You may be aware of the common risk factors for osteoporosis: being female; getting older; being small-boned. Lack of calcium and vitamin D; smoking.
But what if you’re young, have a normal frame, live a healthy lifestyle, take vitamins? Can you just assume your bones are normally healthy?
In most cases, yes. But there are certain other little-known osteoporosis risk factors that might be impacting you right now, without you knowing it.
Knowledge is power. Let’s take a look at these less-common risk factors, one of which may be silently affecting your bones:
•Being a young, super-fit female athlete. If you burn a lot of calories on a regular basis, without replacing enough of those calories to maintain a healthy weight, you’re starving your bones of the nutrients they need. And if you develop amenorrhea (your periods stop), you’re also depriving your system of estrogen – a prime hormone for ensuring bone health.
•Type 1 diabetes. If you have this type of diabetes, your bone density is probably lower than normal. Scientists theorize that high blood sugar may affect bone formation. And, since this type of diabetes usually occurs in childhood – when bone-building is at its height – your bones never have the opportunity they need to reach their peak density.
In addition, it’s been shown that both type 1 and type 2 diabetes put you at increased risk for bone fracture, even if your bone mass isn’t much lower than normal.
•Alcoholism, including binge drinking at a young age. Too much alcohol use is actually a leading risk factor for male osteoporosis. But it’s not just older guys who should worry: studies show that “party hearty” athletes in their 20s may be putting their bones at risk as well, by interfering with their body’s ability to absorb calcium.
•Celiac disease. This allergic disease – in fact, any condition affecting your body’s ability to absorb nutrients – puts you at higher risk for osteoporosis. Inflammatory Bowel Syndrome (IBS), Crohn’s disease, even a gastrectomy (stomach stapling surgery) can severely reduce the amount of calcium and vitamin D you absorb from food and supplements. And lack of calcium and vitamin D is a prime osteoporosis risk factor.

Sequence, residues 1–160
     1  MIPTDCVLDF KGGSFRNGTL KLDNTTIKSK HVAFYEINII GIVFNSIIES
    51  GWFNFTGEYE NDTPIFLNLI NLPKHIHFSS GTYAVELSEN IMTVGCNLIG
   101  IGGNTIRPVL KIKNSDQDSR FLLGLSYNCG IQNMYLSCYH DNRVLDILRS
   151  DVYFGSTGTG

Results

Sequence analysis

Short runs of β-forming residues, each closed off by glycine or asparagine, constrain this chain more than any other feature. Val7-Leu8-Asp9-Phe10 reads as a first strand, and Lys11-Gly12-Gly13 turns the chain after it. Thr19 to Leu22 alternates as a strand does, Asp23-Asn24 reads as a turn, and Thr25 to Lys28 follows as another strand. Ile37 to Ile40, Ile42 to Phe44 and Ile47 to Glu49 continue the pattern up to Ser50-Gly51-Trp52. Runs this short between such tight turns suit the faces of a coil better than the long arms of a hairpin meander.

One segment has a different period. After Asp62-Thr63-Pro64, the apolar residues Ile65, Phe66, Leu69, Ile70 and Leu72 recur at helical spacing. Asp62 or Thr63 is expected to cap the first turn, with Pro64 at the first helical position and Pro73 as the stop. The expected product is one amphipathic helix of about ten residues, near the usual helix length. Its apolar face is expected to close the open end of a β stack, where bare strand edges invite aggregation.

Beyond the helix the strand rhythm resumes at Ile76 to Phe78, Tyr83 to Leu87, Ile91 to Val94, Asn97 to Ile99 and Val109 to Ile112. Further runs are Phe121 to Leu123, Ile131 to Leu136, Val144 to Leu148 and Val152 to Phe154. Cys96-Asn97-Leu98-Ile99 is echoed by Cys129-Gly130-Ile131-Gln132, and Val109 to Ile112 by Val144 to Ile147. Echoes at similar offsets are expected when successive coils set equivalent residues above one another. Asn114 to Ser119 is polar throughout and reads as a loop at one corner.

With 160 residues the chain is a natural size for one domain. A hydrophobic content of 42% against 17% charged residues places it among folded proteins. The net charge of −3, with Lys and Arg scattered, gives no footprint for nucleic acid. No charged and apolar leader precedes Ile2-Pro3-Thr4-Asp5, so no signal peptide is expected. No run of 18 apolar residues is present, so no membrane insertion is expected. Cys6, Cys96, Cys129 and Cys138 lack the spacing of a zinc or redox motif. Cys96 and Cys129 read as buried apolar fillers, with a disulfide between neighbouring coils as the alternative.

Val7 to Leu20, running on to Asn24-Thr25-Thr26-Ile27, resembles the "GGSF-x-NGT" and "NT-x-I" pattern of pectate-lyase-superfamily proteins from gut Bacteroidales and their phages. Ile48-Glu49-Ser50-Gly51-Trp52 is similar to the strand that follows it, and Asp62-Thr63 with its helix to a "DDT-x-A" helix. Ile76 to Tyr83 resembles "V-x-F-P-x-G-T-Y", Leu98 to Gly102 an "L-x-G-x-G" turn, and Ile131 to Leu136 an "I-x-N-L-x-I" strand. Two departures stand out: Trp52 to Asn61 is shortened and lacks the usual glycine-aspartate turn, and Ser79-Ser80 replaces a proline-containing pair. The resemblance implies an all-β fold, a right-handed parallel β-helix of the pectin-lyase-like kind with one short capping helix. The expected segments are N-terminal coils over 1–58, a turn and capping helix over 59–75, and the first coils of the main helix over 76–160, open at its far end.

•Kidney problems. If your kidneys aren’t working properly, you may be excreting too much calcium, which upsets the balance of bone growth/resorption.
•An overactive thyroid. Your bones are constantly breaking themselves down, and building themselves back up– this is called bone remodeling. Before age 30, bones tend to build themselves up more than they break down; after age 30, the reverse is true. Hyperthyroidism (an “overactive thyroid”) causes your bones to go through their remodeling cycles more quickly than normal. Thus, after age 30, an overactive thyroid speeds bone loss. Graves disease is the chief cause of hyperthyroidism.
•Chronic autoimmune diseases. Rheumatoid arthritis, lupus, and certain other diseases are called “autoimmune” – which means your body is attacking itself, causing inflammation and a host of other problems. Autoimmune disease appears to increase the rate of bone turnover, leading to faster bone loss as you age.
•Corticosteroid drugs. Asthma, autoimmune diseases, and multiple sclerosis are often treated with steroid-based drugs. These drugs – think prednisone – have a significant impact on your bones. Specifically, corticosteroids inhibit osteoblasts, the cells responsible for building bone; they encourage osteoclasts, the cells responsible for breaking bone down; and they inhibit calcium absorption, and increase its excretion.
Does that mean you should stop using your asthma inhaler? Not at all. The benefits of corticosteroids outweigh the risks in many cases. But if you’re embarking on a long-term regimen of these drugs, please at least discuss with your doctor the downside. S/he can help you decide how much is just enough – for the condition you’re treating, and your bones.
Unfortunately, most of the conditions above are beyond your control. You treat them as best you can, and move forward with your life. But if you have diabetes, or asthma, or IBS, it’s good to at least know about bone loss. Eating right, taking supplements, exercise, and avoiding other controllable risk factors might be even more important to you than they are to most people.
Published On: January 20, 2010